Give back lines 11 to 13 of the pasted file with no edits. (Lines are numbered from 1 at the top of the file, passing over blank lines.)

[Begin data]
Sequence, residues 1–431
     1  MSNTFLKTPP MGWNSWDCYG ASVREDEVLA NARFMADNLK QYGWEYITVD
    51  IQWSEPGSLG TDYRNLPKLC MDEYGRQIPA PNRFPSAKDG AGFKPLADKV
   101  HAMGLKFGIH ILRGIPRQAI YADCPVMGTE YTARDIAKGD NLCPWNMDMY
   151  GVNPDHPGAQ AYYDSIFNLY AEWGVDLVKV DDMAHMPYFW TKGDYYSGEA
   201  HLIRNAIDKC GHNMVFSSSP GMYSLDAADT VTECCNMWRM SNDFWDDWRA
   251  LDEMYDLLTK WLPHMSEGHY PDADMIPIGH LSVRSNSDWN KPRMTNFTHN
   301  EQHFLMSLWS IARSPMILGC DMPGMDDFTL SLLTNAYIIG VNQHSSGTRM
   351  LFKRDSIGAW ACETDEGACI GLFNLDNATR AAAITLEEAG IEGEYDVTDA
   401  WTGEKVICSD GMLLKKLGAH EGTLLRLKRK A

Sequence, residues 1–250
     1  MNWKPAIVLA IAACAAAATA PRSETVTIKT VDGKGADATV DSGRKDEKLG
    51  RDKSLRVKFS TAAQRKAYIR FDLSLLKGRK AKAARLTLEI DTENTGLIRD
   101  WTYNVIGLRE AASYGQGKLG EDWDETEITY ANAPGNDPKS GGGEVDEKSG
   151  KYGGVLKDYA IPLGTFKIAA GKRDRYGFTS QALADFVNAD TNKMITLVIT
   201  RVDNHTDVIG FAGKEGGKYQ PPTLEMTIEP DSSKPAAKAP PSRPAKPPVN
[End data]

Sequence, residues 1–250
     1  MNWKPAIVLA IAACAAAATA PRSETVTIKT VDGKGADATV DSGRKDEKLG
    51  RDKSLRVKFS TAAQRKAYIR FDLSLLKGRK AKAARLTLEI DTENTGLIRD